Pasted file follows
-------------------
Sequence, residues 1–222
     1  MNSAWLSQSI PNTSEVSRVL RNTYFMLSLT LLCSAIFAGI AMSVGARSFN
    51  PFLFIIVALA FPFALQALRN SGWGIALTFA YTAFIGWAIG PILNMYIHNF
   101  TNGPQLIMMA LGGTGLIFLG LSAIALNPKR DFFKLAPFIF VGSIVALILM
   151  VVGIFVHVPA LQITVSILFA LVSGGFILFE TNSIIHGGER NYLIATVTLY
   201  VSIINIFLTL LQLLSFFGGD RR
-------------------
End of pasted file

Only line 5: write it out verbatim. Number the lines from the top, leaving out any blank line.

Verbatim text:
   151  VVGIFVHVPA LQITVSILFA LVSGGFILFE TNSIIHGGER NYLIATVTLY